The power of short selling

Prediction markets are mechanisms to accumulate information about the outcome of events that lie in the future and therefore are prone to uncertainty. The general idea is to accrue signals from market participants and, by wisdom of the crowd, form an efficient evaluation of the future events. This is achieved by receiving inputs from individual users, with their diverse knowledge and expectations about the outcomes, in the form of long or short orders. Generally, a long position increases the price (i.e., the likelihood of that event become true in the future) of a position, while a short position decreases it.

The notion of a long position is commonly known and simply refers to the process of users buying a position that they are expecting to win. However, short selling is less commonly known but still an important device to influence the markets. To give some more background, this post illustrates what short positions are, reasons to use them and how to actually open them on Zeitgeist.

Reasons to short:

  • Whenever users think that the probability of a position to win is overvalued (i.e. it’s probability is too high), they can earn money by opening a short position.
  • Especially in all-or-nothing markets it might be easier to predict which position is not winning, compared to the unique one that actually will be winning.
  • Some positions might be exhausted, meaning that the probability of a position is close to 100%, while others are still significantly above 0%. Betting against those positions could be considered rather safe and therefore money can be earned rather easily.

Generally, there are two ways to short a position. The first one is that users sell the respective tokens that they already accrued from previous long positions. However, sometimes that is not possible, because the users currently do not own those tokens. In this situation and the second way is to first acquire the tokens and then sell them. The problem with naively buying the token only to subsequently sell it is that, all things being equal, the participants would not change the state of the market (but actually incur transaction costs and thereby a loss). The trick is to buy all positions, effectively not changing the probabilities of any position and then only selling the tokens that the user wants to short. More efficiently, the user should buy all tokens except from those positions aimed to short.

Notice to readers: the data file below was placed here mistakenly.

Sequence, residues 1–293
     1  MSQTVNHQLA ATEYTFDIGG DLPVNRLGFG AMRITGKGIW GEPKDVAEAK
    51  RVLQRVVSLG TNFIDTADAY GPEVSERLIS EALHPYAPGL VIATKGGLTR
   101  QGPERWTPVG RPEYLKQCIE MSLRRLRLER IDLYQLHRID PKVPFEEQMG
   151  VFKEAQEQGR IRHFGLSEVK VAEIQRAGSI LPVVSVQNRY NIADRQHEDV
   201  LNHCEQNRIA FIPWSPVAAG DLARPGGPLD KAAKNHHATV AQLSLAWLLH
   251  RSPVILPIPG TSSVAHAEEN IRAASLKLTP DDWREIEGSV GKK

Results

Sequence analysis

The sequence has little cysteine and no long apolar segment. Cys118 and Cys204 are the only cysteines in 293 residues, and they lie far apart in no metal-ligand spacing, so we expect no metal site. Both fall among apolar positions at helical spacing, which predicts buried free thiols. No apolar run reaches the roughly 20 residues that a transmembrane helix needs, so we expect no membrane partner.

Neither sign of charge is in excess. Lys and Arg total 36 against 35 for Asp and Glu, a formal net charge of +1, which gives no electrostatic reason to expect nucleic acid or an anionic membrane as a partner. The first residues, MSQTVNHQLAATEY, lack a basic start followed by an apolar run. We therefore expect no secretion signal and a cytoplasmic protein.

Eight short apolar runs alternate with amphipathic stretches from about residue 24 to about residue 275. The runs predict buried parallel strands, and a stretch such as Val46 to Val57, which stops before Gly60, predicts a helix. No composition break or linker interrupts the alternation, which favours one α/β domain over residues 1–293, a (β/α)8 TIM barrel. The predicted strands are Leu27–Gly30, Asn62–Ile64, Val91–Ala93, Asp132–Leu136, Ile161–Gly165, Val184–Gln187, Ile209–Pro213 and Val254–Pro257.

There are currently two ways to do that. The first option is to manually buy all tokens except of the token(s) that the user wants to short. However, in larger markets, such as the Kusama Derby, that would require a substantial amount of manual labor as well as many transactions. Therefore, the more efficient way is to create a specific extrinsic offered by the Zeitgeist chain. When going to the developer/extrinsics tab in polkadot.js/apps (set to the Zeitgeist chain), the user can select the
PredictionMarket pallet and select the buyCompleteSet module. With that, users buy every token of a market in a single transaction, keeping both the prices in the market as well as the exposure of the own positions constant. After that, the user can simply sell the tokens that they want to short.

In conclusion, short selling is an advanced strategy (especially when not owning the token aimed to short), but crucial for the efficiency of every market. Frequent users of prediction markets should make themselves accustomed to shorting and thereby making better predictions leading to higher payoffs.